Thursday, November 9, 2006

Congratulations. Now, Get to Work!

On a day when a steady, cleansing rain fell here on the East Coast, we awoke to find out that the American electorate has had enough of fear-mongering, paranoid, deceit-driven, hate-ridden government.

It is, on balance, a very good day, a historic day. The American people showed, once again, that they are fully capable of shifting the course of this nation's leadership--without any direction from the mass media, the talking heads in Washington with their advertising machinery, or the punditocracy. For that, a brief celebration is in order.

But the party had better be short, for there is urgent work to be done. The Democrats now need to show us that they understand what their mandate is all about. Perhaps the time has come to revisit the discussion of political capital. Now we have already had a very graphic object lesson in squandering political capital; the time has come for the Dems to show us how it may be spent.

Herewith, then, are some recommendations for an agenda; if I've left anything out, set me straight with a Comment:

-Impeachment hearings, to begin ASAP

-A formal passage of a plan to bring American troops home ASAP

-Impeachment hearings, real soon

-Get the U.S. to sign on to the Kyoto Accords, and draft a comprehensive plan of legislation and activism based on the clear and unified scientific consensus on global warming. Believe it or not, this is more important than getting our troops home and starting the impeachment hearings. But all these things can and should be done simultaneously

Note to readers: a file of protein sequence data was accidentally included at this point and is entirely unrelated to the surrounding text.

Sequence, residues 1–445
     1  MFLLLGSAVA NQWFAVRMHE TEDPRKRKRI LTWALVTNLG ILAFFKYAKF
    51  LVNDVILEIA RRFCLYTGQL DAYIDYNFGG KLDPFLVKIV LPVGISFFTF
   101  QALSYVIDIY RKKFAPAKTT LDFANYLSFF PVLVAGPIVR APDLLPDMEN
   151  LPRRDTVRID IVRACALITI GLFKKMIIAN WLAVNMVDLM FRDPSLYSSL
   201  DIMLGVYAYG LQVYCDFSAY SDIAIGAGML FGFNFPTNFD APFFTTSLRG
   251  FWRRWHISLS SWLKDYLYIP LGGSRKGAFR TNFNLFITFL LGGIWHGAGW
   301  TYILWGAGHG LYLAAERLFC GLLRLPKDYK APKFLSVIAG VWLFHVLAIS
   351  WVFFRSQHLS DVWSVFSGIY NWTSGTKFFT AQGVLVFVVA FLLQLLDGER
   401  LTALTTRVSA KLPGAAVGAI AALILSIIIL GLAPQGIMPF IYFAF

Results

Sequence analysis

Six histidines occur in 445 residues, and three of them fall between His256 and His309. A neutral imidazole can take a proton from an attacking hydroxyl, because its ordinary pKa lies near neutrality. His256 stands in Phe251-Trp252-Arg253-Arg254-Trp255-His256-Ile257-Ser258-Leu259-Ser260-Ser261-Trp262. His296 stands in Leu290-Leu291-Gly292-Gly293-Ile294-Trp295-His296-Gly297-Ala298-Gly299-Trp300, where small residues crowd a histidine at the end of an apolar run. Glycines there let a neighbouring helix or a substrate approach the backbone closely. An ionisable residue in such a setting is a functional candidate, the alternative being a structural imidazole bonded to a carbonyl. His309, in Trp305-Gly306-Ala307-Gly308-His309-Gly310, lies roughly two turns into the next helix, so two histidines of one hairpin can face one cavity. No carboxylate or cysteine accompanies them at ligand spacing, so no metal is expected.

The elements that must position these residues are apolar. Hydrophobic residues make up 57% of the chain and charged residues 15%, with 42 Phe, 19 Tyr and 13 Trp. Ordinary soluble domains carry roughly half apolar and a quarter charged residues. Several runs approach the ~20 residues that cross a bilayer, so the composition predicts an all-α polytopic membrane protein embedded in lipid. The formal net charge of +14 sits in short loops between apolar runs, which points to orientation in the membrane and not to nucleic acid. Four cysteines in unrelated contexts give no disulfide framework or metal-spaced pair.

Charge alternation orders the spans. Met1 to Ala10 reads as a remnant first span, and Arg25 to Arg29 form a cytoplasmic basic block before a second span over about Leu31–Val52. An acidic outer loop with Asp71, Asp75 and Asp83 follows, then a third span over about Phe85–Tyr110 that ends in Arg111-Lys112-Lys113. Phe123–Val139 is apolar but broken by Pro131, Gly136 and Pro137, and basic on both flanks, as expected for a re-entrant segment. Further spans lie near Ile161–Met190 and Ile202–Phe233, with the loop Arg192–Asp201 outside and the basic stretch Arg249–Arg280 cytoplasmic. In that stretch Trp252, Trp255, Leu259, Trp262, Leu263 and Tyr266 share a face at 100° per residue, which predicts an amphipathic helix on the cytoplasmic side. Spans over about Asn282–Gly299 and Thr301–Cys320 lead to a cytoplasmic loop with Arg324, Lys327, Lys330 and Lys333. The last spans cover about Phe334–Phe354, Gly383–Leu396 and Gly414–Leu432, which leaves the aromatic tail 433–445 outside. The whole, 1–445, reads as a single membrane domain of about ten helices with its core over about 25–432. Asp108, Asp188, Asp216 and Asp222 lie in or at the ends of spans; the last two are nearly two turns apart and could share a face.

-Formal investigations by Congress of the conduct of the Iraq War and the rebuilding fiascos, further inquiry into the Abramoff corruption debacle, and some serious self-examination and cleansing on the part of Congress

-Impeachment hearings, to start immediately if not sooner

-rollback of the NSA wiretapping laws, the Patriot Act, and torture-friendly legislation

-Restoration of habeas corpus, in the firmest, clearest possible terms

-Impeachment hearings, quick

-Rollback of tax breaks for the ultra-rich

-Investigations into the corruption and incompetence re. Katrina, and new legislation on funding and contract awards for rebuilding

-Open inquiry and debate on the Downing Street Memo and related documents

-investigation and correction of porkbarrel legislation, lobbying, and election funding

-Impeachment hearings pronto

-Firm support for Net Neutrality and fresh regulation of corporate mergers and takeovers, particularly in the communications sector

-Did I mention the need for impeachment hearings?

-For god's sake, Nancy: get your people to earn their goddam money. Cut vacation time in half and demand that Reps be in Washington doing their jobs if they're to expect to be back

-Impeach Bush, Cheney, and all their cronies

There, that will be enough for you to be getting along with now. Remember: capital--of either the financial or political variety--is best invested rather than spent.